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'Comedy Wasn't A Career Decision'

Laughter is an escape from normal life by Becca Martin-Brown | May 15, 2015 at 1:00 a.m.
Courtesy Photo Comic Kathleen Madigan grew up in the Midwest but says comedy is universal. She’ll perform Saturday at the Walton Arts Center in Fayetteville.

It's hard to imagine a star who is more down to earth than comic Kathleen Madigan.

Maybe it's because she grew up one of seven children in an Irish Catholic family in suburban St. Louis.


Madigan Again Tour:

Kathleen Madigan

WHEN — 8 p.m. Saturday

WHERE — Walton Arts Center in Fayetteville

COST — $20-$40

INFO — 443-5600

Maybe it's because she tried "normal" things and failed. She jokes that in her two years at the University of Missouri at St. Louis, all she managed to do was accumulate $7,000 in campus parking tickets.

Maybe it's because she excelled at unexpected things, like winning the Mid-Missouri Hoops Shoot Championship in high school -- the shortest person ever to win the event at the time, standing just 5-foot-2.

Or maybe it's because she rolls comedy in with careers like flight attendant, nurse and journalist -- which is the degree she earned at Southern Illinois University at Edwardsville.

"I think it's the wanting to get up and go," she says. "Everything is totally different every day -- which relieves the boredom of work every day. What's fun about work? You just canceled out the idea.

"My brothers are engineers," Madigan adds. "I literally cannot do math or science -- and I'm not overstating my lack of ability."

Madigan says growing up in the Midwest, she didn't see many options for a career.

"I do like to find out about stuff. I can actually write a sentence. And I will run toward a fire," so reporting suited her. "Comedy wasn't a career decision. A lot of comedians will tell you that. It was sort of an accident. I was drinking at a bar that had open mic comedy. I thought it would be fun. And I'd had just about the right amount of beer that it seemed like a good idea."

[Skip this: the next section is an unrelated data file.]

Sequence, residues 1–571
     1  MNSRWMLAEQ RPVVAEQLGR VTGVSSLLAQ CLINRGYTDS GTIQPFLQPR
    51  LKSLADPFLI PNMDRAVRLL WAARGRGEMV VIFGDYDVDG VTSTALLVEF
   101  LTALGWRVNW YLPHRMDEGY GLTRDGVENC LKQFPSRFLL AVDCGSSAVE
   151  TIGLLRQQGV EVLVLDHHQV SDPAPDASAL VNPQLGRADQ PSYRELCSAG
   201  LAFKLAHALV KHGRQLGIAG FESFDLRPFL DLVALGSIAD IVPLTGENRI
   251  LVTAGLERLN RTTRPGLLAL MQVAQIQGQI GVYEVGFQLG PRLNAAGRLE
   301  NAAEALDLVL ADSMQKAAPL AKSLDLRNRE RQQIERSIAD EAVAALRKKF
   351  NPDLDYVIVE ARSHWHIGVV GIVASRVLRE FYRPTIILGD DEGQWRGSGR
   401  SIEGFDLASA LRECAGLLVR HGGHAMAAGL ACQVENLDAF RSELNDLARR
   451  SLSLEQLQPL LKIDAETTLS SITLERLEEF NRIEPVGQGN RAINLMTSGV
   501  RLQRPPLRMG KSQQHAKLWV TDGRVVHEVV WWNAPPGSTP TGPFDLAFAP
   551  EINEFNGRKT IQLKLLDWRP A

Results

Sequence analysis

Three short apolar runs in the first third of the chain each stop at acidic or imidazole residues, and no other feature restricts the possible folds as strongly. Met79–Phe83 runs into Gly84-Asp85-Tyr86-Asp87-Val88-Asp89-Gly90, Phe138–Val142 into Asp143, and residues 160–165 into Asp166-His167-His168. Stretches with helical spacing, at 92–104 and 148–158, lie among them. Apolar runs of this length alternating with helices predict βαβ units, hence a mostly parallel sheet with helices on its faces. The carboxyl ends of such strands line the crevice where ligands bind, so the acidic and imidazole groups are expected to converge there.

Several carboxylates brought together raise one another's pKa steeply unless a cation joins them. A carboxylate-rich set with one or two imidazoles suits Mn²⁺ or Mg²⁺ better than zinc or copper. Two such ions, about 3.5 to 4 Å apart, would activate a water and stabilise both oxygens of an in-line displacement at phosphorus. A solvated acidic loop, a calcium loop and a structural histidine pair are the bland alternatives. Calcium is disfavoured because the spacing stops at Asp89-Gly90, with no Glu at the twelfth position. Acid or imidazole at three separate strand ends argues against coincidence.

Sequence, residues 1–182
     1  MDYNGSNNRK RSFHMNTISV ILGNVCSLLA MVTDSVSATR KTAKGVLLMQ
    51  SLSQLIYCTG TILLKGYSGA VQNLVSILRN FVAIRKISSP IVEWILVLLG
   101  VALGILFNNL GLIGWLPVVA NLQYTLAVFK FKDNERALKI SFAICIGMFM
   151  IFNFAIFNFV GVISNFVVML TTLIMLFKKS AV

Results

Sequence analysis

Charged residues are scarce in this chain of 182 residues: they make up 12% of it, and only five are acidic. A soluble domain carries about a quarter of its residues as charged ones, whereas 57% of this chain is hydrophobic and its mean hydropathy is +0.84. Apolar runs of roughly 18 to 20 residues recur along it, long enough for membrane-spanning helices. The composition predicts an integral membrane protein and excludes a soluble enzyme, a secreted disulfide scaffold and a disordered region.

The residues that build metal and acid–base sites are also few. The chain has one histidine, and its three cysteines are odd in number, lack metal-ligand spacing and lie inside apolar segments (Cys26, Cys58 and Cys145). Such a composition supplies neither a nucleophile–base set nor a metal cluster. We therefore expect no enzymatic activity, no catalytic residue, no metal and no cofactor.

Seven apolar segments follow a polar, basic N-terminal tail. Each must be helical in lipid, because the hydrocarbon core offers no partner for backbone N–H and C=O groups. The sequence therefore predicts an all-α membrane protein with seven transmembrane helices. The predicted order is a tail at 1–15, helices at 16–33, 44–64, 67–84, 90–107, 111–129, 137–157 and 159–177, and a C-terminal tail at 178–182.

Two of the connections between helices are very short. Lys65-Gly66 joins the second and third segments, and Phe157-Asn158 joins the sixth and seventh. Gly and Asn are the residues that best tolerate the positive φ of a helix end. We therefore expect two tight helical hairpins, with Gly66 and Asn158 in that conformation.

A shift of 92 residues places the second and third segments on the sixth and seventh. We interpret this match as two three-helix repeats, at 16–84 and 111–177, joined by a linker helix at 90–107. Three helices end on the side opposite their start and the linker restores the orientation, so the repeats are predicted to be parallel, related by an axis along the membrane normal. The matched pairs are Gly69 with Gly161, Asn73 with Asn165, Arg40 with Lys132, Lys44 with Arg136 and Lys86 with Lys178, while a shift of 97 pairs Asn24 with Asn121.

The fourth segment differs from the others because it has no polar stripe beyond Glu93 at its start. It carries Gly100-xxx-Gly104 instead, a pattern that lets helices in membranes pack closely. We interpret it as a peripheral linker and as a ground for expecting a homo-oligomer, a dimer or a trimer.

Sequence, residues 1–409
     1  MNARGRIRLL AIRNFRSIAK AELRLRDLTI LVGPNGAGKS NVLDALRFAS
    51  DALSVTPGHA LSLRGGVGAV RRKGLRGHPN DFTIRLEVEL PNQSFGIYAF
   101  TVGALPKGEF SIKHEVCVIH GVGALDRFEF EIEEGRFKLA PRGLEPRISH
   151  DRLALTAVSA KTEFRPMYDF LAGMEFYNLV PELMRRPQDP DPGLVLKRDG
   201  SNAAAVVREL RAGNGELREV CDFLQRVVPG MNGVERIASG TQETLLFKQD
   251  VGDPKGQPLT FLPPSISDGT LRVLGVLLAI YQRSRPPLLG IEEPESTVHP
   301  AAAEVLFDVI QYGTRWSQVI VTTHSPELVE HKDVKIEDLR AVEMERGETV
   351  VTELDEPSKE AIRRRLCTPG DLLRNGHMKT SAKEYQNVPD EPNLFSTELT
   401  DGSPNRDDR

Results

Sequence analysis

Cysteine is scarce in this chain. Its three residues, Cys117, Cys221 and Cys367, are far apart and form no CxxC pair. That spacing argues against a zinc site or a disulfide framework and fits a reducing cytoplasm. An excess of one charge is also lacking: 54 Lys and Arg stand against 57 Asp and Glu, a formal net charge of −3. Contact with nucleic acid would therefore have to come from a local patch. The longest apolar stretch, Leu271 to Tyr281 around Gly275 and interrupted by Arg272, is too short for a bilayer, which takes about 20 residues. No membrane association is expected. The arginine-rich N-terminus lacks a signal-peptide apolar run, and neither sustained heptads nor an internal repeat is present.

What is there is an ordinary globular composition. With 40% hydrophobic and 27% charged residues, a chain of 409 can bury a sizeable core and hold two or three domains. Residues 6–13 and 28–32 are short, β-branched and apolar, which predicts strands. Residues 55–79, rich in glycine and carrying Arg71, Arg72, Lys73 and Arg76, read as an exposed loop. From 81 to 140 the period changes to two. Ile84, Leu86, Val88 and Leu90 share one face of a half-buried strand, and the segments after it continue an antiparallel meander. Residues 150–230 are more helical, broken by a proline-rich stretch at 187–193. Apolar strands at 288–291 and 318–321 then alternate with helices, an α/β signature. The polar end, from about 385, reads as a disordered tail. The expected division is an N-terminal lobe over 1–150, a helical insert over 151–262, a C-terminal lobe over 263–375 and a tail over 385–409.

But it wasn't until she had 30 weeks of guaranteed dates from The Funny Bone, a comedy club chain, that Madigan quit her jobs, one at the St. Louis-area Suburban Journals and the other in the publications department of the Missouri Athletic Club, and took to the road.

Since then, she's appeared on Last Comic Standing, on late-night TV shows with David Letterman, Conan O'Brien and Jay Leno, traveled to Iraq and Afghanistan to entertain U.S. troops and won the Funniest Female Stand-Up Comic at the American Comedy Awards. The Detroit Free Press and featured Madigan as one of the "9 Funniest Women on the Planet" alongside Tina Fey and Amy Poehler. Lewis Black calls her "the funniest comic in America, bar none," and Ron White considers her "easily one of the best comics alive."

And, she points out, she's never had "a goal higher than the next level from where I'm at."

"I don't have a big picture," she says. "I don't have a long-term goal. It keeps you in the present. I think when you're looking at the big picture, you're missing all the stuff in between. And you may not get there -- then you didn't even have fun on the way! When I was an opener, I wanted to be a feature act. Then I wanted to be a headliner. It's step by step by step."

Madigan's comedy is as straight-forward as she is. She can find the humor in homeschooling, family dynamics, religion, relationships, money -- even the weather. Humor, she says, is universal.

"My first road week ever was in Philadelphia," she says, adding that she wondered if her Midwest sensibilities would translate. "Everybody is experiencing the exact same things in different accents. A redneck is the same dude. He just has a different accent."

Happily, Madigan says, her job allows her to laugh.

"I don't realize how much I laugh until I do a corporate event and meet these corporate people. They're very serious. Comedians be like 'you f'ing sucked last week and now we gotta fix this ****.' And we all speak to one another like that, and we end up laughing about it. They do not."

Madigan says she would argue that the value of comedy is undeniable.

"It's an escape from normal life for an hour or two. People's brains get overtired, overstressed. Entertainment is a great escape to help you reset."

NAN What's Up on 05/15/2015

Print Headline: 'Comedy Wasn't A Career Decision'


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